One might describe the typical pharmaceutical pipeline as a cash sinkhole. A primordial factor is the high attrition rate of candidates through the development programme. But before the plug is officially pulled at the end of an unsuccessful phase, weak interim data can portend future failure, or the product may have, in fact, already failed in the eyes of regulators (and increasingly, pricing and access authorities). Whilst the first factor can be largely attributed to molecular notions that require a great deal of further in-human study to rectify, be that the poor translatability of current animal models or the heterogeneity of the patient population, the latter issue is very much culturally unique to the organisation. Hence, logic would dictate that this can be addressed much more swiftly – yet this is often not the case.
No One Wants to Hear They Have an Ugly Baby
One would think that, at the first hint of failure, companies would opt to terminate development programmes and refocus on other pipeline assets. However, it is easy to forget that pipeline projects are orchestrated by people. Clinical trials are rife with emotion, brought about by engaging with patients with desperate need for additional treatment options, as well as by devoting substantial amounts of time and effort to their planning. Moving beyond professional investments, these individuals have personal livelihoods at stake, which they may fairly believe will be threatened by a programme’s discontinuation.
Thus, when data indicate that the asset will not meet primary endpoints or is likely to fail during the next phase, there may be an impulse to drive the trial to completion regardless, thereby incurring hefty additional costs in the process. This can be due to several reasons, not least the natural inclination to avoid failure, avoid loss of investment, and elude shareholder discontent. Furthermore, a pipeline is a balancing act between commercial and clinical teams, who both are often guided by different motives and incentives. Hence when dissonance arises between the two on how to best proceed, further inefficiencies may arise.
Pipeline Optimisation Is a Necessary Evil
Terminating a trial or aborting a project should not necessarily be regarded as a failure, particularly given that there is almost always a compelling clinical and / or commercial reason for doing so. Making a well-supported decision to terminate a programme is likely to yield alternate, and often unforeseen, future benefits. The costs of development incurred to date must not be merely disregarded as sunk costs, but as a lesson: An idea that was once worth pursuing is no longer an adequate sink for expenditure. Any future additional costs of proceeding with a futile candidate can now be spent elsewhere, possibly leading to superior return on investment. And whilst it is true that external stakeholder confidence in the company’s pipeline might falter following the announcement of a decision, often there will come soft rains.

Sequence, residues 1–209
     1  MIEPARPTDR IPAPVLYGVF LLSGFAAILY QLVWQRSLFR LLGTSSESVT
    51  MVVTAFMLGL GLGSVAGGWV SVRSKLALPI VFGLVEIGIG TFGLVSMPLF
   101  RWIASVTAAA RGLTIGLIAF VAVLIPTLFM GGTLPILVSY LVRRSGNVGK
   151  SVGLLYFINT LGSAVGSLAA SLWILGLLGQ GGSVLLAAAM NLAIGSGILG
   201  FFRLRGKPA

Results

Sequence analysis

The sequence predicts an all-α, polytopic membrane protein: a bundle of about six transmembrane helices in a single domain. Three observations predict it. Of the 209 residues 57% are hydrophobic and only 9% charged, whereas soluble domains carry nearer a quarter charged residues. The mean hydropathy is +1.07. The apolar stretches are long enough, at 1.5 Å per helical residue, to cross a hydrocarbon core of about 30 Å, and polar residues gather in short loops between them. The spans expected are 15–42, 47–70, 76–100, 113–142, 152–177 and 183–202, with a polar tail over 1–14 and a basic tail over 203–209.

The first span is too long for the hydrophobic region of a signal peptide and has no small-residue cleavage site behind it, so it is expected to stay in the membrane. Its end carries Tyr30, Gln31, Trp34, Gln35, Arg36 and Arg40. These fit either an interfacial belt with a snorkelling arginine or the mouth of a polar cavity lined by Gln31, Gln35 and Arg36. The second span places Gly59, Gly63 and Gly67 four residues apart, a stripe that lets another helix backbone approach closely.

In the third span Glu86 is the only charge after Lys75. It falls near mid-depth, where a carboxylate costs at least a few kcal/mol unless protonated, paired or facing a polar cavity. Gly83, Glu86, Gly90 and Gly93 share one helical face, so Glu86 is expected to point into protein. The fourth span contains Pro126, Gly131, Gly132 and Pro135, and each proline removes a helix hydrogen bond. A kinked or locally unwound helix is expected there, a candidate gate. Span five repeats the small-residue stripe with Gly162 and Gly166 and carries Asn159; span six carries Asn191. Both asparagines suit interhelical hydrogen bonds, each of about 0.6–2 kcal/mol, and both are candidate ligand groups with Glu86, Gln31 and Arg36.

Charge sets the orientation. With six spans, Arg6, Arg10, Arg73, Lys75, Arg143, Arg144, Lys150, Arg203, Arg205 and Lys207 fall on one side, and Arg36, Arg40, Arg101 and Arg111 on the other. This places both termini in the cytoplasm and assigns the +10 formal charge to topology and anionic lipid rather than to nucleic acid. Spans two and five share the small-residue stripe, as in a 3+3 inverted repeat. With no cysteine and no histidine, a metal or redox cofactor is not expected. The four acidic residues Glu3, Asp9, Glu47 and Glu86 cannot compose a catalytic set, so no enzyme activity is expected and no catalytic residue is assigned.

For instance, ACTELION ($ATLN) represents a prime example of how fateful objective, unemotional decision-making can be for a company. As the company was founded by a group of former executives and friends from ROCHE ($ROG), two assets drove the company’s immediate and long-term fortunes: TRACLEER™ (bosentan) and VELETRI™ (tezosentan, at the time). Observers of $ATLN will quickly point out that TRACLEER™ set the company on a course to rise from an already remarkable IPO worth CHF 246m in 2000 to an eventual, impressive acquisition by JOHNSON & JOHNSON ($JNJ) for CHF 30b in January 2017. However, success did not come easy despite the success of TRACLEER™. VELETRI™, the company’s acute heart failure candidate, exhibited excessive dose-related vasodilatory adverse events in its 2001 PHASE III trial, which led to a rather dramatic reduction of 62% in its market cap. Far be this from the end, ATLN regrouped by shelving VELETRI™ (temporarily, as the story goes), and channelling funds instead in two main directions: to ensure the TRACLEER™ launch was a success, as well as a series of acquisitions, partnerships, and launches illustrated in FIGURE 1 below. These steps inform one of the greatest portfolio building and slimming stories in the industry over the past two decades, particularly when taking into account the company’s youth and size. Allowing the company to recover financially and structurally, the effectual and emotional decision to halt VELETRI™’s development set a course for the company to eventually be acquired for a price 121 times its IPO earlier this year.
FIGURE 1. ATLN Investment Reprioritisation
Valuations come and go, and whilst market confidence is important, the market is fickle, and internal objectivity, decision-making, and ultimate confidence in one’s pipeline should prevail. This internal confidence must stem from knowing that the pipeline has been empirically evaluated and optimised for long-term success – even if this means that, at present, your baby is ugly.